We discussed the fluids in your automobile in a previous blog post; now let’s discuss the filters. Whether you drive a car, truck, crossover, or SUV, you have filters that need to be changed on a regular basis. If these filters get clogged, your engine performance and fuel economy will suffer. In addition, clogged filters can damage the engine, and, in the case of the cabin air filter, a clogged filter can make you sick.

Air

All vehicles have an air filter in the engine. This filter is needed to remove the dirt and contaminants that are found in the outside air. Once the air is cleaned, it flows past the mass airflow sensor and into the combustion chamber. The air is burned with fuel to produce engine combustion. The air filter should be changed every 12,000 miles. Low-mileage drivers need to change it once a year.

Cabin

Check your owner’s manual to see if your vehicle has a cabin air filter. If it doesn’t, there is permanent netting that purifies the air that blows through the vents. If it does, this filter needs to be changed every 30,000 miles on average. It’s a good idea to check your vehicle manufacturer’s recommendations for changing this filter as the mileage durations vary.

Fuel

All vehicles also have a fuel filter. The fuel filter does for the fuel what the air filter does for the air. It purifies the fuel before it is sprayed into the combustion chamber by the fuel injectors. Even the most expensive fuel in town has sediment and contaminants in it. These things can clog the fuel filter if it is not changed every 30,000 miles. Low-mileage drivers should change it every two years.

Oil

You will find an oil filter in every automobile. This filter is changed during a lube, oil, and filter. Frequent oil changes ensure that your engine is protected and prolong its life. The general recommendation for oil changes is every 3,000 miles. If you put synthetic motor oil in your automobile, this duration is extended to every 5,000 or 7,500 miles on average.

Transmission

Finally, most vehicles have a transmission filter that is changed when the transmission fluid is changed. On average, a transmission fluid flush and refill should be done every 30,000 miles. If your vehicle has been acting up lately when it is shifting gears, you probably need to have your transmission fluid changed.

Doc Auto in Fredericksburg, VA, would be happy to check all of your vehicle’s filters to make sure they are okay. If any of them need to be changed, we will do so.

1 Oct

How Long Does a Clutch Last in a Manual Transmission?

A clutch in a manual transmission can last anywhere from 50,000 miles to 100,000 miles or more. How you drive your manual transmission can either shorten or extend the life you get out of the clutch. The clutch itself might fail prematurely if there is something wrong with it. Your clutch will give you hints that it is going out. DOC Auto lists the signs of a failing clutch below so you can bring your car, truck, or utility vehicle to our shop at the very first indication of trouble.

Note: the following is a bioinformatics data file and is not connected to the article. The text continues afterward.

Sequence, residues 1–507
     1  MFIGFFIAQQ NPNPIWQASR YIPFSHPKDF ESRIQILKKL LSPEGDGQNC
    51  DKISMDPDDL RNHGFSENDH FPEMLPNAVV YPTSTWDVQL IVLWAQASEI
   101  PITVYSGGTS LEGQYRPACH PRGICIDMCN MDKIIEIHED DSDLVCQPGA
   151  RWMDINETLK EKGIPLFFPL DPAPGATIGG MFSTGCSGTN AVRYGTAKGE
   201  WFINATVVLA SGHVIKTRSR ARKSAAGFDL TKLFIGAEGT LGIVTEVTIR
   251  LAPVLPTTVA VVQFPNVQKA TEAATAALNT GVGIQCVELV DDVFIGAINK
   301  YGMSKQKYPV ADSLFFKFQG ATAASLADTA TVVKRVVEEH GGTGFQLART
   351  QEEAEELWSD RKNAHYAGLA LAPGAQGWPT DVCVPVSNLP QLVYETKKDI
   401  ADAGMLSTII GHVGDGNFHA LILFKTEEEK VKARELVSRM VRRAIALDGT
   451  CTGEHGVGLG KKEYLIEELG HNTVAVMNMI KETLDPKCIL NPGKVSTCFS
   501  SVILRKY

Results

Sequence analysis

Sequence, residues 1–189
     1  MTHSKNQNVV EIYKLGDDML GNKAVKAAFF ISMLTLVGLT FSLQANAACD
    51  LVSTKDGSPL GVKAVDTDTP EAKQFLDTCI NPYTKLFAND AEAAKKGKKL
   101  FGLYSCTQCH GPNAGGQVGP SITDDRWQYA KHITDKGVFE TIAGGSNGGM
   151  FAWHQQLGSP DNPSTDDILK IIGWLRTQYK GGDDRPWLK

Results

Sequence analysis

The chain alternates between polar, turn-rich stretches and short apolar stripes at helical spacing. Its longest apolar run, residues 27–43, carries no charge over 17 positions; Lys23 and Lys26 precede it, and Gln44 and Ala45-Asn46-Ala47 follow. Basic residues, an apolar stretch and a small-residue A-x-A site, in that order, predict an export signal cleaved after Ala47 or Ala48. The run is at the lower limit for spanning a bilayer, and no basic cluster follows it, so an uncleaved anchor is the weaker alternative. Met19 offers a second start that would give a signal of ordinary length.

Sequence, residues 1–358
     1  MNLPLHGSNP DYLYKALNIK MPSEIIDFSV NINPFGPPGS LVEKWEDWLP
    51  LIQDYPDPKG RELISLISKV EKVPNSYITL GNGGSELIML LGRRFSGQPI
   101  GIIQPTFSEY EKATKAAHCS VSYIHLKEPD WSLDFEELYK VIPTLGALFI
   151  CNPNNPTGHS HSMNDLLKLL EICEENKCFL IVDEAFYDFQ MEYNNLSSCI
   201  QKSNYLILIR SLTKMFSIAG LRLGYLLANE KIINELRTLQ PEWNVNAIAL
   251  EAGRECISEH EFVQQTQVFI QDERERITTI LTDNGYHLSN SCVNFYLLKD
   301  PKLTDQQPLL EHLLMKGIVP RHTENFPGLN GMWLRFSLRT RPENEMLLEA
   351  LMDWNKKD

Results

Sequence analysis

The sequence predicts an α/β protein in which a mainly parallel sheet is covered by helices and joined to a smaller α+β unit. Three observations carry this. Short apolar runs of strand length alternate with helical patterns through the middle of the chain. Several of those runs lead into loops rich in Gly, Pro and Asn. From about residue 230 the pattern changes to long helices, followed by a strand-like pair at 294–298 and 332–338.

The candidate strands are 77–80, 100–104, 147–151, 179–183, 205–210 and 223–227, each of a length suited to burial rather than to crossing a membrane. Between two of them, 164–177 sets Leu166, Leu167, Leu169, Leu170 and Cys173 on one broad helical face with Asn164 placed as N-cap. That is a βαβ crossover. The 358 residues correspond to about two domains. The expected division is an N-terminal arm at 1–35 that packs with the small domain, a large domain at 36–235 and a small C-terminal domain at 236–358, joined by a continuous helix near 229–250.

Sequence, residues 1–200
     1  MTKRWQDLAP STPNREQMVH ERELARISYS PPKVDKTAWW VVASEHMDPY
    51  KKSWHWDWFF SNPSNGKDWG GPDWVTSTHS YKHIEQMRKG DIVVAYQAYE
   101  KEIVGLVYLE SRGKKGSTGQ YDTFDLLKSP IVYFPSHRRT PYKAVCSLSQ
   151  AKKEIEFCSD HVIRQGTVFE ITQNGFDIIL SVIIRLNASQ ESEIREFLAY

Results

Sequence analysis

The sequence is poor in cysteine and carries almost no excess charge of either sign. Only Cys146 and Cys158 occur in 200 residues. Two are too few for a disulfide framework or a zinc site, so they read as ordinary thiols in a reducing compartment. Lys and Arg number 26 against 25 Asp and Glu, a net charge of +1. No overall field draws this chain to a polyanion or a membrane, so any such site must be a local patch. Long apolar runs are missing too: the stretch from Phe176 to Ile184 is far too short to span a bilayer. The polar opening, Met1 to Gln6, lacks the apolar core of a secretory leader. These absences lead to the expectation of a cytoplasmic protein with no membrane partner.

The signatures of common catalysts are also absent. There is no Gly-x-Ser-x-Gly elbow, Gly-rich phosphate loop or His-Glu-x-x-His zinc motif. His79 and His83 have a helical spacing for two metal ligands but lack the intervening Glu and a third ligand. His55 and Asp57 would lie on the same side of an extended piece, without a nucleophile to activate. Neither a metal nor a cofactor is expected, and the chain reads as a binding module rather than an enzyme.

Resistance Change

As your clutch begins to wear down, the resistance it gives you and the bite point might change. A clutch that feels soft or squishy, a clutch that sinks all the way to the floor without catching, or a clutch that has a higher bite point than normal are all signs that you need to have the clutch adjusted or replaced. How the clutch feels underneath your foot shouldn’t change.

Grinding Gears

If you’ve suddenly started grinding gears like you did when you first learned how to drive with the clutch, it most likely isn’t your technique. Rather, your clutch is likely slipping and needs to be replaced. The reason the gears are grinding is simple: The clutch is unable to take the power away from the engine and transfer it to the transmission like it’s supposed to do. Consequently, the gears will grind if the power is still in the engine rather than the transmission.

Squeaking Clutch

A squeaking clutch can indicate that the internal mechanisms of the clutch are wearing down. Your clutch shouldn’t make any noise when you press down on it or when you release it. If it starts to make strange sounds such as squeaking, let us take a look at it as soon as possible.

Acceleration Lag

The power transfer we discussed above can also cause problems when you try to accelerate your vehicle. When the power is transferred to the transmission, the transmission uses the power to turn the wheels. It does so through the driveshaft. If your clutch is slipping, you may not have any power going to the driveshaft and your acceleration will lag.

Burning Odors

If you detect burning or hot odors coming from your clutch, this can be a sign that the clutch is slipping. A slipping clutch is one that does not stay engaged even though you still have the pedal depressed.

Slipping Gears

A slipping clutch can also cause your transmission to slip gears. You will know that the transmission has slipped out of gear because you will suddenly lose power and your engine will rev.

Call DOC Auto in Fredericksburg, VA, today if you believe your clutch is going out. We can fix the problem.

1 Sep